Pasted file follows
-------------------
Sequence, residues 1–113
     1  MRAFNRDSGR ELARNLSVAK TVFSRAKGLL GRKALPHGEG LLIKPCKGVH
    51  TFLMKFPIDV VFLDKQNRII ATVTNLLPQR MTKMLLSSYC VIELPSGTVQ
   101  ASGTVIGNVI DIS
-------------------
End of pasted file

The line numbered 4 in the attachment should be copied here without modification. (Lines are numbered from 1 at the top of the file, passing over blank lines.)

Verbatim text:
   101  ASGTVIGNVI DIS